The question for present day mourning, amongst Stallybrass’ and Toma’s analysis of death, comes back to my grandmother’s handkerchiefs; for that, the personal narrative from my mother explains the history behind why the magic of what could be a forgotten, a 1900’s folded embroidered piece of cloth, becomes meaningful in remembrance and memory. My grandmother had her own fashion inspiration from Jackie Kennedy and Chanel, which why she loved carrying scarves or handkerchiefs. From my mother, also named Joan, there is further insight into my grandmother’s, who we called “Mama Joan” history of style:

“Mama Joan grew up in the depression, then married Papa Frank who was very frugal, so money was always tight. On top of that, Mama Joan went to Catholic school and always wore a uniform. And her mother was English, and wore very simple clothes. I always thought her Mom looked like a nun. So, what’s a girl to do? I think Mama Joan used scarves as her fashion statement piece. They were economical and she could change up her basic clothes to look new and different. She always wore short scarves around her neck. She didn’t have money for jewelry, so scarves were her accessory”.

That culture of wearing scarves and handkerchiefs during the 1940’s and 1950’s spread to my mother, who also accessories with scarves based on the influence of my grandmother. In a way, other than actual funeral attire we all wear, those scarves my mother creates a new definition of “mourning clothing”. My mother is what Stallybrass would call giving “tribute” to my grandmother. Stallybrass believes in obligations to cloth in mourning as he states: “The particular power of cloth…is closely associated with two almost contradictory aspects of its materiality; it’s ability to permeated and transformed be maker and wearer alike; its ability to endure over time…cloth is a kind of memory” (Stallybrass 38). More so, cloth is more human than we ever imagine it to be, and can endure its own death in a way. Cloth endures time just as we do as humans, it just dies differently; he decays differently. The one common ideal is that cloth and humans share is having a soul, which is how cloth is personified. Cloth only lasts longer than the human body, but it wears marks of time and it captures the memory of the human life.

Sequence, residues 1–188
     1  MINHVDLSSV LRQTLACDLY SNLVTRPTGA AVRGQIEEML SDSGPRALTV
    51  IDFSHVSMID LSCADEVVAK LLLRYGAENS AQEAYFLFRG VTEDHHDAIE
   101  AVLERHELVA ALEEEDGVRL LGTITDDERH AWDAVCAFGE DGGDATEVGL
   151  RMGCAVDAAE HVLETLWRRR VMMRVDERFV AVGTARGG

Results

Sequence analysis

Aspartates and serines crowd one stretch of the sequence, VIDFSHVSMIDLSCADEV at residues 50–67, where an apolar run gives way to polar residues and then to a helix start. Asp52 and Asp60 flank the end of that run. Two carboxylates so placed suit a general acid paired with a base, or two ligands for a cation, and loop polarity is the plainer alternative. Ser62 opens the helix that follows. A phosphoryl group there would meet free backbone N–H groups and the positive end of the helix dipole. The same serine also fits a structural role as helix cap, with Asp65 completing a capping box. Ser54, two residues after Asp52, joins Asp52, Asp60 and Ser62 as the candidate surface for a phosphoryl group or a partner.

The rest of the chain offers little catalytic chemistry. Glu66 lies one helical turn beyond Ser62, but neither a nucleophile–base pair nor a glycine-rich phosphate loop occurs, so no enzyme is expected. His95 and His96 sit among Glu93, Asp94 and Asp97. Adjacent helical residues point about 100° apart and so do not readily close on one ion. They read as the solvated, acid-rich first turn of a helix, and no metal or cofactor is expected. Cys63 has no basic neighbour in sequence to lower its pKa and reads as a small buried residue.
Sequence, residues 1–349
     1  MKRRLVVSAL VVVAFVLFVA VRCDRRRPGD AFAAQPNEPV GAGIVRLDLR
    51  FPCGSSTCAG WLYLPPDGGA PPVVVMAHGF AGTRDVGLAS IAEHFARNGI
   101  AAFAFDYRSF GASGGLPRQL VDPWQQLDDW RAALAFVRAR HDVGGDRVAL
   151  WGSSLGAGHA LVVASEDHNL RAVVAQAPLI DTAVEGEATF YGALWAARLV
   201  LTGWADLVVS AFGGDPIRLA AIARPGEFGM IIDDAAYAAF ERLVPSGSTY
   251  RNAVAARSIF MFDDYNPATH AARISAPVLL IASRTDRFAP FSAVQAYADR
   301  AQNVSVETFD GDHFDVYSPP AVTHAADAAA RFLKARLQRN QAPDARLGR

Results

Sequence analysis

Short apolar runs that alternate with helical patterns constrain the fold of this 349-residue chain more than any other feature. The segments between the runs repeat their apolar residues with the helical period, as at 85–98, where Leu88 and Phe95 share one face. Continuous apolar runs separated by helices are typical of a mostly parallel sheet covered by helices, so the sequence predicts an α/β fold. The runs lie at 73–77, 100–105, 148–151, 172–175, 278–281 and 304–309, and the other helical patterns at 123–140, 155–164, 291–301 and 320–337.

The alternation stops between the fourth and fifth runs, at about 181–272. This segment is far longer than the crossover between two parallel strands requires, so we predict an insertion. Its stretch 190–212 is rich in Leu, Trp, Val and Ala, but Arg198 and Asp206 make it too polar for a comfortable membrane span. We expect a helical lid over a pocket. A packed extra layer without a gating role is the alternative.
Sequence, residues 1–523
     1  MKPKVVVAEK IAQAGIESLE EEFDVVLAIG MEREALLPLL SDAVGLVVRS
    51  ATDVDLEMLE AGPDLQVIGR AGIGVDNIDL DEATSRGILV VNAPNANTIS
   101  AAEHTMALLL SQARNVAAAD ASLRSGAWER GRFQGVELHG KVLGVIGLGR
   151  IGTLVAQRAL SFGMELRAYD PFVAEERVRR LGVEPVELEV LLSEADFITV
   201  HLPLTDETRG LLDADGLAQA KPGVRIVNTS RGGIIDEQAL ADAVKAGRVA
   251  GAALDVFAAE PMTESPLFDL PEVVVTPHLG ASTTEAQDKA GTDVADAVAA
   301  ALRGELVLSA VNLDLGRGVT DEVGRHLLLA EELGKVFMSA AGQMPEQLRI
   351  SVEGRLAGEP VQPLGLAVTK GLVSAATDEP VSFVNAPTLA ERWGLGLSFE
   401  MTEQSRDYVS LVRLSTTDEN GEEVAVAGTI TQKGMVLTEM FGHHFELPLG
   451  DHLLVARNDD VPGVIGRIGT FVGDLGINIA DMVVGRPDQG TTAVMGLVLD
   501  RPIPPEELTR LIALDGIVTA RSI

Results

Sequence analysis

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Ironically, the future of our culture lies in the death of the past, in terms of cloth; we mourn clothes left behind while create an industry based on the death of others to fuel another capitalist perspective of the industry. Eco and Stallybrass understand the physicality and materiality of an object whether it’s in how we move as people when wearing clothes, or the physical texture of clothing that imprints a person even after the person is gone. This is seen in the visual collections of photographs of the left behind, but still very alive, handkerchiefs of my grandmother. Beyond capitalism and fetishism, which do exist in the fashion industry, symbolic meaning of clothing is a long last influence, and is preserved by us as people, after the death of the person. Whether alive or not, the codes of a person are embedded in their clothing, truly shaped into it, so that their presence cannot leave. The materiality of clothing by sharing and reusing clothes, shows that clothing is also a sign of a long journey, collecting memories as if they item can be personified forever. The magic then, is accepting the movement of the present and how movement continues in the past to provide a real mystery to the definitions of life and death in fashion.

Work Cited

Eco, Umberto. “A Theory of Semiotics.” Social Life as a Sign System (1976): 143-47. Web. 23 Sept. 2016.

Eco, Umberto. “Lumbar Thought.” Umberto Eco (n.d.): 315-17. Web. 3 Sept. 2016.

Rabalais, Kevin. “Create Dangerously: Albert Camus and His Quest for Meaning.” The Australian Arts. The Australian, 2 Nov. 2013. Web. 23 Nov. 2016.

Stallybrass, Peter. “Worn World.” Clothes, Mourning, and the Life of Things (n.d.): 35-50. Web. 23 Sept. 2016.

Toma, Glenda. “At The Met, ‘Death Becomes’ A History Lesson Of The Fashion Variety.” Forbes.Com (2014): 1. Business Source Complete. Web. 23 Nov. 2016.